Chess coach Jay Stallings celebrates 25 years of teaching

Jay Stallings (right) poses with Alfredo Carillo who created a wrought iron chess set for the Sean's Fund dinner on Sunday. Matt Fernandez/ The Signal

Chess players of all ages gathered at the Hyatt Regency Valencia on Sunday to celebrate the memory of Sean Reader and to raise money for Sean’s Fund at the 13th annual Sean’s Fund dinner.

Reader was age 12 when he died from leukemia in 2006, and since then, Sean’s Fund has carried on the legacy of his love for the game of chess.

“Sean was our top student out of the 800 students we had, and he was a big role model for the other kids,” said Jay Stallings, director of the California Youth Chess League and Reader’s former chess coach. “When we first started having these dinners, they were in his parents’ backyard with 25 people, and tonight we have 150 people at the Hyatt all coming together for this cause. Sean was always humble and encouraging to his teammates, who always tried to help them learn, and you can’t just let a soul like that pass without remembering them.”

Laurie Barrett’s three sons were students of Stallings and all played with Reader.

“Sean was a role model for our kids,” Barrett said. “He was able to go through chemotherapy, so coming to play at a chess tournament was nothing compared to that. That was inspiring for other kids to see.”

Angie Nelson, program director for Sean’s Fund, said that of all the charities she has worked for, Sean’s Fund has felt the most like home.

“The community behind Sean’s Fund is a family,” Nelson said. “Everyone pitches in, and to see the legacy he has made and to know that his memory has impacted over 40,000 kids is something that I’m proud to be involved in.” 

Sunday’s dinner featured video presentations, a silent auction and cornhole challenges where teams could win prizes and raffle tickets. The funds raised from the dinner go toward chess sets and backpacks full of supplies for pediatric cancer patients, financial aid for chess lessons for families in need and toward mentoring from chess grandmasters.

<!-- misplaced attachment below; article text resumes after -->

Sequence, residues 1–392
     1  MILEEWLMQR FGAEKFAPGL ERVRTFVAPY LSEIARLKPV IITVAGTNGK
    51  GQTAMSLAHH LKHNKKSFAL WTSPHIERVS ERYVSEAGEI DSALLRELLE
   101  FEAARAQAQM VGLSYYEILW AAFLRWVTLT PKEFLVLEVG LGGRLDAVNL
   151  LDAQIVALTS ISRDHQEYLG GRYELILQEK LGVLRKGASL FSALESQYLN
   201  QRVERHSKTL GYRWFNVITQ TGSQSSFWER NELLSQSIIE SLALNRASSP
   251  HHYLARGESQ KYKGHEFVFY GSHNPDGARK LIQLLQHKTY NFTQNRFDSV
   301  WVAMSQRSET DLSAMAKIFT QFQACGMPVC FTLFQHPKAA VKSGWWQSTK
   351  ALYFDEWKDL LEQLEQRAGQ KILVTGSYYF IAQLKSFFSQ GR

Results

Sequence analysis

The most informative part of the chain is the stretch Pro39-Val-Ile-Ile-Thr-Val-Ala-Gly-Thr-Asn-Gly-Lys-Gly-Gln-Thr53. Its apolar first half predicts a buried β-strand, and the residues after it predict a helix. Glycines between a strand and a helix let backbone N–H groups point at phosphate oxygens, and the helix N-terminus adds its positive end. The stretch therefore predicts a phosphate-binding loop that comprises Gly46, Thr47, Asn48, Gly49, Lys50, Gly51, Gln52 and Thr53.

The dinner was also a way to celebrate Stallings’ 25 years teaching chess in Santa Clarita. Stallings said he still remembers teaching his first lesson at the Valencia mall on the week of the Northridge earthquake and is proud to have made such an impact on the community.

“I think it’s less about chess and more about teaching my students how to be thinkers and good members of the community,” Stallings said. “It’s incredible for me to look around here to see former students of mine who have grey in their beards, and it’s nice to see the impact that I’ve made these past 25 years.”

Karthik Iyer and his family have attended the Sean’s Fund dinners for five years and said he’s happy to support a worthy cause as well as Stallings.

“Sean’s Fund is a worthy cause that does a good job of taking kids’ minds off of their illness and every kid deserves a chance,” Iyer said. “We need more people like coach Jay in the community and he’s the best at what he does. Our family’s relationship with him started out as just coach and student, but over the years I think it’s grown to the point of being friends.”

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